ROMEO GIGLI FILLS A FRAGRANCE NICHE
Byline: Bridget Foley
NEW YORK — “Talk about mystique.”
That’s the way Steve Bock of Saks Fifth Avenue characterizes Romeo Gigli, who was at the Saks flagship on Wednesday to launch his second women’s fragrance, G Gigli.
Bock, senior vice president and general merchandise manager at Saks, said the fragrance, which hit the shelves Sunday, was off to a “wonderful” start, and he expects it to develop into a strong niche brand.
Niches are nothing new to Gigli, long a high priest of fashion cultism. Now, just as he did when he appeared on the scene in the mid-Eighties, Gigli is again ready to shake up fashion’s status quo in his own quiet way. After two seasons, he’s hoping to defect from the Carrousel du Louvre and says he knows other designers who also want out. He’d love to show his fall collection in a clear tent in the wiry shade of the Eiffel Tower.
“It’s depressing for people to be all day long underground,” he said in an interview this week. “I love the sun.” But he’s not holding his breath, since “everything in Paris takes so long to accomplish.”
Yet the cavernous Carrousel isn’t all that’s bugging him about fashion’s current mood. While Parisian procedure may take eons to wade through, Gigli thinks fashion itself skips along too quickly, at a pace detrimental to the creative process and at odds with the way women live. “It’s so hard to live and work when everything moves so fast,” he said. “Creativity is killed with the kind of communication we have today.
“Every season, it seems, there’s a new joke,” Gigli added. “I can’t believe women want to be seen in this way. Sometimes you see in the magazines and the women look out of this world, or like dolls. That is stupid. Clothes should work the way society is thinking. They are a moment of social life.”
Gigli said a designer must strike a balance between his own vision and what women need in a given time frame. “Fashion — it is a small world,” he noted. “Out of this little world we have to project how the vision will work in the other world.”
Interesting stuff from a man who many say operates in his own alta moda galaxy. Gigli showed his first women’s collection in 1984 and quickly became a cult favorite, an early entrant in fashion’s sober school. He was knocked off all over the place. Over the years, his clothes have become increasingly exotic and dreamy — more colorful and decorated — and have drawn inspiration from numerous ethnicities.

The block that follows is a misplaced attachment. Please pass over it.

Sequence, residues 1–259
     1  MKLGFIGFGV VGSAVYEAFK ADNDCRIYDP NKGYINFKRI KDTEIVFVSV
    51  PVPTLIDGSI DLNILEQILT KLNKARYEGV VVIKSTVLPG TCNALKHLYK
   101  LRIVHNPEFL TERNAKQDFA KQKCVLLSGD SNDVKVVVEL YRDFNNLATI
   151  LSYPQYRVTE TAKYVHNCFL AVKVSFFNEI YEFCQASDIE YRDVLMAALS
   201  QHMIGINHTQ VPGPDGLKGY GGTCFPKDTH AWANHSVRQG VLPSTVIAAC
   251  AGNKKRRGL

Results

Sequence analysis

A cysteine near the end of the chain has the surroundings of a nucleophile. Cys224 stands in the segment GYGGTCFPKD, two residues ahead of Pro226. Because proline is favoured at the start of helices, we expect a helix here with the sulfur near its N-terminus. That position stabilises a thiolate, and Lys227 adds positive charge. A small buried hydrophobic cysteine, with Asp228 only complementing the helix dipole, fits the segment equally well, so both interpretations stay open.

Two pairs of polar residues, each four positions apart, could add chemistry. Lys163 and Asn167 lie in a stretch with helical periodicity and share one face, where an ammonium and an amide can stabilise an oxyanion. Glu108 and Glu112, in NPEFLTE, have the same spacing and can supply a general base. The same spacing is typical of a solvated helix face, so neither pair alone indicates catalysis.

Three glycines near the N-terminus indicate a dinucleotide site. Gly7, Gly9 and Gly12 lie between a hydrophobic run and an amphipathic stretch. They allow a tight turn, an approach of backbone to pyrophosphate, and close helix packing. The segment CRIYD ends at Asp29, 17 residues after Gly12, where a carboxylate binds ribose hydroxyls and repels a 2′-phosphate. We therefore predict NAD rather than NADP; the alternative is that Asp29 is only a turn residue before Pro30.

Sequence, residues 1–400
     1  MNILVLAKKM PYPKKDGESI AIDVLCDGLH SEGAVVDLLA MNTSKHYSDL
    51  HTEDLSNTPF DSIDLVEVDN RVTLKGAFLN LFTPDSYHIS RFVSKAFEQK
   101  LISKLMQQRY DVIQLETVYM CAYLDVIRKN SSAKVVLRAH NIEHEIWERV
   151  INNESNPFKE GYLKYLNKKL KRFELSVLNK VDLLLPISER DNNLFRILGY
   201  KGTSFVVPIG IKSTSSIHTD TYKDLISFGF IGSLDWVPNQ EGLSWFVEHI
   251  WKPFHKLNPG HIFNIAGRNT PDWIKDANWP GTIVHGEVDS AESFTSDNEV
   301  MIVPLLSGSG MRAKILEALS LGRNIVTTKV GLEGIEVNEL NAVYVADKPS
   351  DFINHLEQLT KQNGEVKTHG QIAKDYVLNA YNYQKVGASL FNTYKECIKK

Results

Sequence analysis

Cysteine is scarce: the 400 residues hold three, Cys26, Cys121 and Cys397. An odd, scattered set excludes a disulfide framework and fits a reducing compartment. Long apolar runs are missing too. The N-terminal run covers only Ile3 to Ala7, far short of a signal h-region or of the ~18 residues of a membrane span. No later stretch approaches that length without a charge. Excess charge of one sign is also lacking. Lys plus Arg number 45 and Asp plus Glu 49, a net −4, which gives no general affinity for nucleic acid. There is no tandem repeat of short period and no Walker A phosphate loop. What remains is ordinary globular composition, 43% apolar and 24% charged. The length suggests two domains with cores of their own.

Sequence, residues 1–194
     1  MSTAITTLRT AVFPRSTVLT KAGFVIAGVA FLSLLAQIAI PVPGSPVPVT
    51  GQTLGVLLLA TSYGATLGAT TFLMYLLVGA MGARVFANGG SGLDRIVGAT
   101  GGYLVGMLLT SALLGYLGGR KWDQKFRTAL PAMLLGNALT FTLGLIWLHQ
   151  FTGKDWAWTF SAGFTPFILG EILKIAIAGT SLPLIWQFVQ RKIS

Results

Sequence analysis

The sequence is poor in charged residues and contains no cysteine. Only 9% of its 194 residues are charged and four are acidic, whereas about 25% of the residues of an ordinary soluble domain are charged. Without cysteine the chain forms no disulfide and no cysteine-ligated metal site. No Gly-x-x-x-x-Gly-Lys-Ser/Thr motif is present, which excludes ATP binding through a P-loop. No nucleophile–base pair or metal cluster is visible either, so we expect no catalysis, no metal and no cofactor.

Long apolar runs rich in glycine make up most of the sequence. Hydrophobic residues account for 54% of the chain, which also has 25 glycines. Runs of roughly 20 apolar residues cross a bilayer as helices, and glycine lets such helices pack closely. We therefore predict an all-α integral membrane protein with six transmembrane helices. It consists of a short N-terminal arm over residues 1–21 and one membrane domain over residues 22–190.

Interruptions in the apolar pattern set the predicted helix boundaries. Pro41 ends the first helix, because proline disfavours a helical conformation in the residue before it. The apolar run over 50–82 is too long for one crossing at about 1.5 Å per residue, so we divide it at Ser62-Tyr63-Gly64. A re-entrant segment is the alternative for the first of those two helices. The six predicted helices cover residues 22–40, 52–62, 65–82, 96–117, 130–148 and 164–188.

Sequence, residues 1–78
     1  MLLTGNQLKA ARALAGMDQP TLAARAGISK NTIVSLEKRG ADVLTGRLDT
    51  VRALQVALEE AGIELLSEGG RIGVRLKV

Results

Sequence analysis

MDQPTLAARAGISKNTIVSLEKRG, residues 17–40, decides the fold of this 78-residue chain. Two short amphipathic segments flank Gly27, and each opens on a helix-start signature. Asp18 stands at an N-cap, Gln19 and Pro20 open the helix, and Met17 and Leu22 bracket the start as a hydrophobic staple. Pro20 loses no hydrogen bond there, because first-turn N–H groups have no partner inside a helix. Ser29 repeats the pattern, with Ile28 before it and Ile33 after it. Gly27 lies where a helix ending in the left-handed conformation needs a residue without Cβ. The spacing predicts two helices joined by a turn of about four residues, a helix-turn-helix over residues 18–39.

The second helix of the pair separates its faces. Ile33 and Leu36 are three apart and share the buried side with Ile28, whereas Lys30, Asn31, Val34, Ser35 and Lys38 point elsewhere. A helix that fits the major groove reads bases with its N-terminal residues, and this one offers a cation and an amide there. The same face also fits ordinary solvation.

Admirers — and there are many — hail him as artist and visionary. Critics say he’s fallen out of the loop with a thud. In the midst of an ultraglamorous spring, for example, Gigli showed a collection WWD described as “primitive clothes from some other civilization.”
“I don’t like to do costumes,” he said. “But the sense of color — it comes from somewhere, and this inspiration was African. That to me is the balance. These are clothes, not a joke. Clothes should make women look beautiful. A trend is nothing.”
In step or not, the Gigli machine moves to the tune of about $248.6 million ($400 billion lire) wholesale. It encompasses numerous licensees and a string of boutiques around the world. The designer himself owns the Romeo Gigli shops in Milan, Paris and New York, and there are franchises in Vancouver, London and Tel Aviv, with two more about to open in Zurich and Seoul. Of 31 G Gigli shops worldwide, 20 are in Japan.
In addition to the women’s ready-to-wear for Zamasport, the men’s for Zegna, and the diffusion line G. Gigli for Interfashion, Gigli also has deals for swimwear, women’s and men’s shoes, women’s and men’s accessories and fragrances.
With the arrival of G Gigli at Saks, three of his four fragrances are now in the United States. His second men’s scent, SudEst, is scheduled to launch at all Neiman Marcus stores the week of Feb. 13.
And Gigli hopes to get a complete home collection off the ground by next year, which he plans to house in his Corso Venezia shop, once he finds a larger lodging for the ready-to-wear collections.
“People have asked me to do it,” the designer said of the new project. “A table, a chair — it’s just like the clothes or the fragrance. I just have to find what people need. It’s just a part of life.”